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The use of voice-enabled AI devices has exploded over the past few years. While still in its infancy and not yet widely used, voice marketing is shaping up to be an important part of a comprehensive marketing strategy for many major brands.

A number of household-name brands are now using voice marketing to sell their products. Major corporations such as Amazon, Walmart, Target, and Domino’s Pizza have already enabled voice ordering, with more brands to follow as time goes on.

People use voice assistants such as Amazon Alexa, Bixby by Samsung, Siri, and Google Assistant to help streamline their busy lives. For some users, voice marketing tools act as personal assistants that help automate some daily, repetitive tasks and reminders. Others use voice-enabled devices for spoken-word searches or for shopping.

As it grows in popularity and accessibility, voice marketing will become increasingly important for smaller businesses. If you want to stay ahead of the curve and learn the basic concepts behind marketing for voice, you’re in the right place.

Let’s jump into it.

What is Voice Marketing?

If you’ve ever uttered one or more of the phrases, “OK, Google,” “Hey, Siri,” or “Alexa…”, you’ve engaged in voice marketing.

Voice marketing is the integration of voice-enabled search and voice AI solutions into a company’s marketing strategy. Some popular voice-enabled devices include:

  • Voice-enabled speakers
  • Mobile phones
  • Smart watches
  • Computers
  • Smart TVs
  • Amazon Echo
  • Google Home

Another important component of voice marketing is voice search optimization (VSO). VSO is the spoken-word version of SEO, and it relies on spoken language rather than text searches. Optimizing your content for VSO ensures users will be able to find your content through verbal search tools such as Google Voice Search.

There’s a learning curve when it comes to optimizing content for voice marketing. It requires marketers to be able to take the spoken word into account when developing and optimizing their content. If you want to make marketing for voice part of your business, you have to consider how users request information from their devices.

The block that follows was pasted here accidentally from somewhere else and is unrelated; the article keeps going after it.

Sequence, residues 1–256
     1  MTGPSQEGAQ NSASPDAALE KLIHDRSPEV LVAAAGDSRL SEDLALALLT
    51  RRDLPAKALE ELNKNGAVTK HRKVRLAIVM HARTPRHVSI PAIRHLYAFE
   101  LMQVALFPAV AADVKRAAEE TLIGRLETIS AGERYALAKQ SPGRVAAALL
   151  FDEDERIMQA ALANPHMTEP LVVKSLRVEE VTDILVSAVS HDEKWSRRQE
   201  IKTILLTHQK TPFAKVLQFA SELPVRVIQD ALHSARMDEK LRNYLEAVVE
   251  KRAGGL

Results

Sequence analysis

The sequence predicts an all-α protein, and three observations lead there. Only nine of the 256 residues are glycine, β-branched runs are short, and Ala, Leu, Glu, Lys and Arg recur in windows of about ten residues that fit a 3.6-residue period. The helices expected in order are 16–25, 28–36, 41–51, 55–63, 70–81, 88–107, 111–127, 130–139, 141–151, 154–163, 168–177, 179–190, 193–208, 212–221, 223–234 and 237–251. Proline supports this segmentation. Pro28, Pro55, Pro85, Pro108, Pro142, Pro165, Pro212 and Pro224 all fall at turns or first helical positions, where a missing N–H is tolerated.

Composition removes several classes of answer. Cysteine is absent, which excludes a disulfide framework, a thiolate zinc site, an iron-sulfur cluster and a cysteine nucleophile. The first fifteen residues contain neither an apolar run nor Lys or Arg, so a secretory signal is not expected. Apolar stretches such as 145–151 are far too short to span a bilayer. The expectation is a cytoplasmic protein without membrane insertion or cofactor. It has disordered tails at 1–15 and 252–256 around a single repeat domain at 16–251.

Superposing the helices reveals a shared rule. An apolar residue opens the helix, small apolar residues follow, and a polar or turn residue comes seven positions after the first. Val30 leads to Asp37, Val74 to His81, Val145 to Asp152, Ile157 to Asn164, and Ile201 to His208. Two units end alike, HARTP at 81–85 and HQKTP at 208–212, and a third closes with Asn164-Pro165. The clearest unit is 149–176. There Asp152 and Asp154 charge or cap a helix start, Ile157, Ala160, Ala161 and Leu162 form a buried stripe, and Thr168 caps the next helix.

How Can Voice Marketing Help Grow Your Brand?

Right now, marketing for voice appears to be growing brands mostly through organic reach. Voice advertising on voice-enabled AI devices isn’t an open market just yet, so it may be some time before brands can invest in ads on voice platforms.

For some brands, voice marketing is mainly a matter of creating VSO-optimized content so products or services appear in voice search results. There may be certain niches that are in higher demand than others, depending on their audience’s buying habits.

Some tools such as Amazon Alexa are partnering with major brands to build skills and incorporate soft advertising into the medium. Major brands are creating Alexa skills that users can build, which incorporate those specific brands. Others are choosing one specific voice marketing platform to route spoken search users to their service.

One example of soft advertising via voice marketing is Jimmy Fallon’s partnership with Amazon Alexa. When a user requests a joke, Alexa “steps aside” for Jimmy to share a joke of his own. (My kids and I discovered this during their recent obsession with asking Alexa for jokes every day.) This was a discreet way of slipping in some promo for the Tonight Show, while simultaneously throwing some fun into the mix.